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Wind Farm: Conservationists win court appeal

Leading conservationists have won a High Court battle against plans for a wind farm on land owned by the Queen's cousin. The conservationists had warned that if it went ahead it would have resulted in substantial harm to a heritage area "of national significance".

The High Court quashes plans to erect four 300ft turbines near ruin on land owned by the Queen's cousin in Northamptonshire.

Leading conservationists have won a High Court battle against plans for a wind farm on land owned by the Queen's cousin.

The conservationists had warned that if it went ahead it would have resulted in substantial harm to a heritage area "of national significance".

The wind farm would have been built about 2km (1.3 miles) from an unfinished but historically important Jacobean house in Northamptonshire.

English Heritage and the National Trust say the case has national implications.

They supported East Northamptonshire District Council's successful legal bid to block proposals submitted by West Coast Energy for four 300ft (91m) turbines on farmland at Barnwell Manor in Sudborough.

In 2010 the council had rejected plans for the farm submitted by West Coast Energy at Barnwell Manor, which is owned by the Queen's cousin, the Duke of Gloucester.

But the rejection was over-ruled by a public inquiry inspector who upheld the energy firm's claim that the turbines would cause "less than substantial" harm and would deliver benefits from renewable energy.

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The High Court quashes plans to erect four 300ft turbines near ruin on land owned by the Queen's cousin in Northamptonshire.

Leading conservationists have won a High Court battle against plans for a wind farm on land owned by the Queen's cousin.

The conservationists had warned that if it went ahead it would have resulted in substantial harm to a heritage area "of national significance".

The wind farm would have been built about 2km (1.3 miles) from an unfinished but historically important Jacobean house in Northamptonshire.

English Heritage and the National Trust say the case has national implications.

They supported East Northamptonshire District Council's successful legal bid to block proposals submitted by West Coast Energy for four 300ft (91m) turbines on farmland at Barnwell Manor in Sudborough.

In 2010 the council had rejected plans for the farm submitted by West Coast Energy at Barnwell Manor, which is owned by the Queen's cousin, the Duke of Gloucester.

But the rejection was over-ruled by a public inquiry inspector who upheld the energy firm's claim that the turbines would cause "less than substantial" harm and would deliver benefits from renewable energy.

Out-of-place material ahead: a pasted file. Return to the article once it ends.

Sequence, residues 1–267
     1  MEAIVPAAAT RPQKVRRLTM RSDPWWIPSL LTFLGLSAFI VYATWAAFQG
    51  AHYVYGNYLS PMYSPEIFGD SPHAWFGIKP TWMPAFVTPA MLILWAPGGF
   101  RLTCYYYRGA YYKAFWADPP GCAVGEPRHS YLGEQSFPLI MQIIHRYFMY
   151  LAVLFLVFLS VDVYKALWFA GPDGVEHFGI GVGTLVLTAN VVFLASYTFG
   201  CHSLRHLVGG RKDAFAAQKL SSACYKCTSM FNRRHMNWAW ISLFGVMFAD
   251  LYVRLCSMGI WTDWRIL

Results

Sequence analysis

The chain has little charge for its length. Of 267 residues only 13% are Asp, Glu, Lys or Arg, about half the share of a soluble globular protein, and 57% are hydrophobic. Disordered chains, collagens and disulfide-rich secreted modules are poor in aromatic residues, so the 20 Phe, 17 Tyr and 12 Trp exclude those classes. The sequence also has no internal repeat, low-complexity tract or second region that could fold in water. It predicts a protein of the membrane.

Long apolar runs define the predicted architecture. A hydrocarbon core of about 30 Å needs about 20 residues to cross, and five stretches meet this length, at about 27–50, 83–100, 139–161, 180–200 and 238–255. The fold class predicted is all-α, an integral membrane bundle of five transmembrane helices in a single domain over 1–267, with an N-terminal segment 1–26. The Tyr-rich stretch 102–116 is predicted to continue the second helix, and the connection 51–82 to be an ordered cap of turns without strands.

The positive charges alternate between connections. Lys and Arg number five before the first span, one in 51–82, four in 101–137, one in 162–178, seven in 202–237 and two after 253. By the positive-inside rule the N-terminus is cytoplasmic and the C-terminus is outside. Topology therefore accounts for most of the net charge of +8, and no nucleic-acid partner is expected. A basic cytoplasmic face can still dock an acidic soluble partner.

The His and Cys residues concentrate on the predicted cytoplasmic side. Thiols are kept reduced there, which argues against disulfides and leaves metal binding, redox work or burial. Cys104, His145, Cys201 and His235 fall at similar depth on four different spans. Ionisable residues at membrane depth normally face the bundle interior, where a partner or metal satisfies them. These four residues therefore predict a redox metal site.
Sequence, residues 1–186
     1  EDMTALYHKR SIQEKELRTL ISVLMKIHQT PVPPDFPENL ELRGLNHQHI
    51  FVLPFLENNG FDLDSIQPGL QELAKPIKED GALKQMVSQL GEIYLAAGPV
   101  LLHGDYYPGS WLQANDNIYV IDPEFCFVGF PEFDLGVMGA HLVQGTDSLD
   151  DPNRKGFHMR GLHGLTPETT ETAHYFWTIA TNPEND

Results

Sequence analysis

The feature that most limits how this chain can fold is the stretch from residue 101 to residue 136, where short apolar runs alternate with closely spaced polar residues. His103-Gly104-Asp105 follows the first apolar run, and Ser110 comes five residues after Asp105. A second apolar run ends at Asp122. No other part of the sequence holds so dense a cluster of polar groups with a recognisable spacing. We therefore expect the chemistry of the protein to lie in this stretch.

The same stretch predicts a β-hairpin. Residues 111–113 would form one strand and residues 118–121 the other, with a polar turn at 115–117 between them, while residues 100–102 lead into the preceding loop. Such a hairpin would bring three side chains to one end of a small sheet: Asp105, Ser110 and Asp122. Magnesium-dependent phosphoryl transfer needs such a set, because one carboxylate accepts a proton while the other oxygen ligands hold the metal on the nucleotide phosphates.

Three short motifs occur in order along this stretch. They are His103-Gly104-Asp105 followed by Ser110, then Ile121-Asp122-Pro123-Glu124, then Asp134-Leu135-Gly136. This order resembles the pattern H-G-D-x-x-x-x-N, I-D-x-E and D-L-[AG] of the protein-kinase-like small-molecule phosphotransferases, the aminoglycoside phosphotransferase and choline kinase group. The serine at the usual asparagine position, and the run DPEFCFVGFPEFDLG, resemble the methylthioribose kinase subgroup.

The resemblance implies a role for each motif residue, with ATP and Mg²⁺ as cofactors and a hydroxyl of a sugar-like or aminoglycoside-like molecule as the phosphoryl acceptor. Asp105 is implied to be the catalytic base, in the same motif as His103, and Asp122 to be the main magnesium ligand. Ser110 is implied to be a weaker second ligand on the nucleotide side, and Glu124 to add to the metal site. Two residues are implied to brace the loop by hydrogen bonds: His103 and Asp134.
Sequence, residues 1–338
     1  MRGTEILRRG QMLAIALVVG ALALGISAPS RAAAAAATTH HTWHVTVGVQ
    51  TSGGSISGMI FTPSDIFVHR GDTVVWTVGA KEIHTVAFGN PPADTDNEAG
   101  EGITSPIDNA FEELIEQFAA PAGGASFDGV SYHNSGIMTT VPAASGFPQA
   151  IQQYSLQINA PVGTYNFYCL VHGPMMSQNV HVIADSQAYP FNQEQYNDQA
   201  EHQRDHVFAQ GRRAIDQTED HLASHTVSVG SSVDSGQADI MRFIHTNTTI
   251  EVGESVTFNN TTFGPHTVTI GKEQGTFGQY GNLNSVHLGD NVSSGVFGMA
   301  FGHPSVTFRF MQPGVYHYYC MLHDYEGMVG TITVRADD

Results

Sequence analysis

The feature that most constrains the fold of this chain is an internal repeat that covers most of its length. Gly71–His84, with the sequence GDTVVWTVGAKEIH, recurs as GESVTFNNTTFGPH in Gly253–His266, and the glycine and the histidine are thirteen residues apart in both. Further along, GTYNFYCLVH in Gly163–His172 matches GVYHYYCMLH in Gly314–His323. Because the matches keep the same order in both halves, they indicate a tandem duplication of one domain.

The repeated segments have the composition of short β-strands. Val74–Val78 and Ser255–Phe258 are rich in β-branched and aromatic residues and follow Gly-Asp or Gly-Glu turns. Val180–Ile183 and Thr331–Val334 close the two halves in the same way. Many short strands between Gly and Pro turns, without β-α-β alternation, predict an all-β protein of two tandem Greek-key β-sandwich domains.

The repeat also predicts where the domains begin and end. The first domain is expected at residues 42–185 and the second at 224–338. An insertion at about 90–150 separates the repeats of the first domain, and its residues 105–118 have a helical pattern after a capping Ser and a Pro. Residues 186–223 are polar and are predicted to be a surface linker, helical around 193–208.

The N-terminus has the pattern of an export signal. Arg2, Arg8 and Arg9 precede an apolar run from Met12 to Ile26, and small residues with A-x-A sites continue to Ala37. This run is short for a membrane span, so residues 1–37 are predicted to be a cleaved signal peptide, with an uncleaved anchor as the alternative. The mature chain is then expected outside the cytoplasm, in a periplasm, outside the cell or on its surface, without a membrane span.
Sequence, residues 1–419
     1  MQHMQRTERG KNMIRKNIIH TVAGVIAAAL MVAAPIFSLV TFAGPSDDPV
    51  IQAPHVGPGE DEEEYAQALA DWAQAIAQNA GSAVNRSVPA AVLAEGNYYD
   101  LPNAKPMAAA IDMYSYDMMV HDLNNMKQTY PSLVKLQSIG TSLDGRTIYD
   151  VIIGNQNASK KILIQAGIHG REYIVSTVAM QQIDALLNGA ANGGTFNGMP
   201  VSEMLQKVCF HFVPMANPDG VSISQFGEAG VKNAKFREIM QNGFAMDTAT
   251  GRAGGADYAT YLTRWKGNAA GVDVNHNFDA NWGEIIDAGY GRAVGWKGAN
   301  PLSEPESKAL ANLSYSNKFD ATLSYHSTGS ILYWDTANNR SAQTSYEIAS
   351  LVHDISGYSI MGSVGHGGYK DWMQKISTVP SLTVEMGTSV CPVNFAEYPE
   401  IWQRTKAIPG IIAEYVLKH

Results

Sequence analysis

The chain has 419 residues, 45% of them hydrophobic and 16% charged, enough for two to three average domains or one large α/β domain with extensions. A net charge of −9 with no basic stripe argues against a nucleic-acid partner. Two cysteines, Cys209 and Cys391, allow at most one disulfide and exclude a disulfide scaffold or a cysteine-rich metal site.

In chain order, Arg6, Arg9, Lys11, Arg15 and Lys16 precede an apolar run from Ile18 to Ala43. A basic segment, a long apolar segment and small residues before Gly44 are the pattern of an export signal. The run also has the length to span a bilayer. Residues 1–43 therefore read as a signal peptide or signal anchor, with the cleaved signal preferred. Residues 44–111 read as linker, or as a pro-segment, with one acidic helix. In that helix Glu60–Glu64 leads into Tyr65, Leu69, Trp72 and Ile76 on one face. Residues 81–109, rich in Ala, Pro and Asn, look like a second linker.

Now a judge has decided that East Northamptonshire's original decision should stand and the inquiry's decision should be thrown out.

Mrs Justice Lang ruled at London's High Court that the decision to give the go-ahead was legally flawed and must be quashed.

Although the manor is owned by the Duke of Gloucester, he was not directly involved in the challenge.

The judge ruled there had been a failure by a public inquiry inspector "properly to interpret and apply the relevant planning policies on the effect of development on the setting of heritage sites, which meant that the balancing exercise was flawed".

The ruling is being regarded as an important victory by conservationists.

They were concerned over the impact the wind farm would have on local panoramic views, and in particular the setting of Lyveden New Bield, a 17th-century lodge which has one of the finest surviving examples of an Elizabethan garden in the country.
A picture showing how the win farm would affect Lyveden New Bield This picture, by campaigners, shows the impact of the wind farm on Lyveden

The conservationists had warned that if they lost the case the protection of other important historic sites around the country could be undermined.

National Trust representative Mark Bradshaw said later: "We are delighted with the outcome.

"We hope this brings to an end a five-year battle to preserve and protect the important setting of some of our most significant heritage assets.

"Lyveden is of international importance. The harm to heritage assets like Lyveden should be weighed against the benefits of wind farms."

Barnwell Manor is the historic former home of the Duke and Duchess of Gloucester and is part of the Barnwell Castle Estate. It was bought by the current Duke's father Prince Henry, the brother of George VI, in 1938 and he died there in 1974.

After his death, the estate was retained by his son Prince Richard, the current Duke of Gloucester, but his family moved out in 1994, leasing their property. The Duke and his family now live in Kensington.

It is understood that the land on which the wind farm was to be placed would have been leased by the Duke to West Coast Energy in exchange for an annual fee.

The row had the potential to cause a rift between the Duke and his cousin's son Prince Charles, the president of the National Trust and frequent opponent of intrusive wind farms.


Source: http://news.sky.com/story/1...

MAR 9 2013
https://www.windaction.org/posts/36488-wind-farm-conservationists-win-court-appeal
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